When existing buildings need to be inspected and assessed, the structural engineer is often presented with the challenge of needing X-ray eyes. Lacking such a gift, and despite what clients may assume, the engineer draws instead on knowledge and experience to make value judgements in many situations, with appropriate margins of safety and consideration of appropriate risk incorporated along the way. Codes of practice and British Standards are not to be ignored, but are a useful tool to assist with this process.
This article aims to discuss some of the issues, challenges, tools and techniques available to the practising structural engineer when assessing existing structures. While the article focuses principally on floor structures, the techniques can be used on a range of applications to provide an understanding of how existing structures are actually behaving, rather than how we might think they are working.
Anne Fuller has been an Institution chief examiner, has designed challenging buildings all over the UK, and is now director of Capita’s civil and structural engineering division in the North. She discusses her career with Jackie Whitelaw and wonders whether talking to girls at school is really all we have in our armoury in the battle to increase diversity in the profession.
What makes an engineering practice attractive to women, asks Margaret Cooke of Integral Engineering Design. Could it just be a happy, healthy, friendly and flexible workplace that appeals to everyone – regardless of gender?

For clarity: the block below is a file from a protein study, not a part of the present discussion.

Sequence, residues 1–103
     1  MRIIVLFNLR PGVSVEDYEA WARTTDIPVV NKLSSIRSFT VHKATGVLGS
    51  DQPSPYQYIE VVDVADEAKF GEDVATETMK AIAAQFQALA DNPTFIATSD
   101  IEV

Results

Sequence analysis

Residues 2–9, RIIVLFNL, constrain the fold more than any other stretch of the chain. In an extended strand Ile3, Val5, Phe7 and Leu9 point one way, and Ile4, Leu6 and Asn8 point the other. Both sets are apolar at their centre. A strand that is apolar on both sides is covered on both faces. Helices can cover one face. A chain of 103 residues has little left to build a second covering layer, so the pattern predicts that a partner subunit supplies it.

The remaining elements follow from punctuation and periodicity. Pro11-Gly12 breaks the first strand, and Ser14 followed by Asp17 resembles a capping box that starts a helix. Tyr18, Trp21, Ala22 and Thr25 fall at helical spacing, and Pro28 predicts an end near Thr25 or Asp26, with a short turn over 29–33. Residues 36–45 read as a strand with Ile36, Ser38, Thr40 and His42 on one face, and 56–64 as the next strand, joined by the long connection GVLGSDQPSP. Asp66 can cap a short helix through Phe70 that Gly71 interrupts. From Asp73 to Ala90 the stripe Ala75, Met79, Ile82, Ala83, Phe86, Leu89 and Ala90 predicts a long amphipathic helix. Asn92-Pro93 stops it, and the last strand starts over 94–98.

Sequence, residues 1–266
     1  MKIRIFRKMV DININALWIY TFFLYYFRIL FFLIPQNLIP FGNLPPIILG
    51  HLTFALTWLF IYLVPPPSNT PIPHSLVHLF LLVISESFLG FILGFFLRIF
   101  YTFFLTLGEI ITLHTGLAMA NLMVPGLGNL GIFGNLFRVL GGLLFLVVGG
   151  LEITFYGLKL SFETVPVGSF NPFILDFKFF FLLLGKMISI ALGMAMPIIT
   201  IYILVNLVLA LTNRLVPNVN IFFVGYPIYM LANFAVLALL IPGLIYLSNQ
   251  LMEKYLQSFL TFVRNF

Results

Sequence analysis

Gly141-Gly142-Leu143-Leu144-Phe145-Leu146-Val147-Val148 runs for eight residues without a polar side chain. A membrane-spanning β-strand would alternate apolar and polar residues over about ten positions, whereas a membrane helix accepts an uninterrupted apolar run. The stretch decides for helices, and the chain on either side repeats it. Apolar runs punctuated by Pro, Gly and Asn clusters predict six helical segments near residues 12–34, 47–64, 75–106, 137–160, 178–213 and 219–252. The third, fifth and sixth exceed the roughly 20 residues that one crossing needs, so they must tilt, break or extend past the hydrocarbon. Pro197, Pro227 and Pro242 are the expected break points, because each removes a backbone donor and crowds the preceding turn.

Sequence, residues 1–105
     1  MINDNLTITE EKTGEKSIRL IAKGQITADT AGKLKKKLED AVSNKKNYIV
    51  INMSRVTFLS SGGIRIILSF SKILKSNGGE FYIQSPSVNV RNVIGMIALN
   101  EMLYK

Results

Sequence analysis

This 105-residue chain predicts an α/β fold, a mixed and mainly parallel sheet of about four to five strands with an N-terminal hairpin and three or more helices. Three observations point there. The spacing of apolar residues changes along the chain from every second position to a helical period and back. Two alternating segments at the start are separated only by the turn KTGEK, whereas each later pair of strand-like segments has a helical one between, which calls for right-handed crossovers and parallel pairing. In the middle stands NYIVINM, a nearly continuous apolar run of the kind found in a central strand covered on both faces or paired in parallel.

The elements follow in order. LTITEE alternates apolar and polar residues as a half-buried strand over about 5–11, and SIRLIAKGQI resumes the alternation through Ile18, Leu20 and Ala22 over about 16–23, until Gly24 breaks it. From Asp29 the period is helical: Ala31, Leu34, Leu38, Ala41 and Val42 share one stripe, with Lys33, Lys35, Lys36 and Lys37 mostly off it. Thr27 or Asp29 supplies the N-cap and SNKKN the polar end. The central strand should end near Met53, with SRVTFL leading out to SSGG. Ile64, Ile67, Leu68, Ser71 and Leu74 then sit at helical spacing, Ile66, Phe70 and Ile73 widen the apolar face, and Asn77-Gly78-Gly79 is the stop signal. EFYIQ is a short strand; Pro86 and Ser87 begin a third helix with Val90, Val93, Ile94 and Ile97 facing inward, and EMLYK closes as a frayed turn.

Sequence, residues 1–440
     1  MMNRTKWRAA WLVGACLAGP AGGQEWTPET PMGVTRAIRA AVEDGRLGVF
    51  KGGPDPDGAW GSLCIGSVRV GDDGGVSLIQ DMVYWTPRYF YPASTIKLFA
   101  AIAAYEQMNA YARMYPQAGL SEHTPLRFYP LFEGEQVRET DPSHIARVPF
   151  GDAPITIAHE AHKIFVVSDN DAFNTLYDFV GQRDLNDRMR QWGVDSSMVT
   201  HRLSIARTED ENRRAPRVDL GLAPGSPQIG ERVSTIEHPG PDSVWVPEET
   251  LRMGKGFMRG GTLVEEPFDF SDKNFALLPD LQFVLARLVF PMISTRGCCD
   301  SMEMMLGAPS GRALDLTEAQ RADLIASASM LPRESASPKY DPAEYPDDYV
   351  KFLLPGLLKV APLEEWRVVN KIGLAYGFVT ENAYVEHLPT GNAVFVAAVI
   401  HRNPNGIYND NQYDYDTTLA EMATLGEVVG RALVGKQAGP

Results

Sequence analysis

James Miller brings this series to a close by looking back over ground covered and forward to a bright future in which conservation accreditation is increasingly valued and engineers are able to innovate through the application of emerging technologies.
In this article Philip Isaac, Dan Bergsagel and Sinead Conneely propose small, short, local design-and-build projects as an effective means of engaging students with engineering, and as a process which all members can get involved in.
This month's letters hark back to the advent of computer design and continue the debate over where responsibility lies when a fabricator designs the connections for a consulting engineer's steel frame.
Upcoming events at Institution HQ and around the regional groups.
In this section we shine a spotlight on papers recently published in Structures – the Research Journal of The Institution of Structural Engineers.
Structures is a collaboration between the Institution and Elsevier, publishing internationally-leading research across the full breadth of structural engineering which will benefi t from wide readership by academics and practitioners.
Access to Structures is free to Institution members (excluding Student members) as one of their membership benefits, with access provided via the “My account” section of the Institution website. The journal is available online at: www.structuresjournal.org
This month we bring you another question from the Institution’s Structural Behaviour Course. The topic is deflected shapes. Answers will be published in the July issue.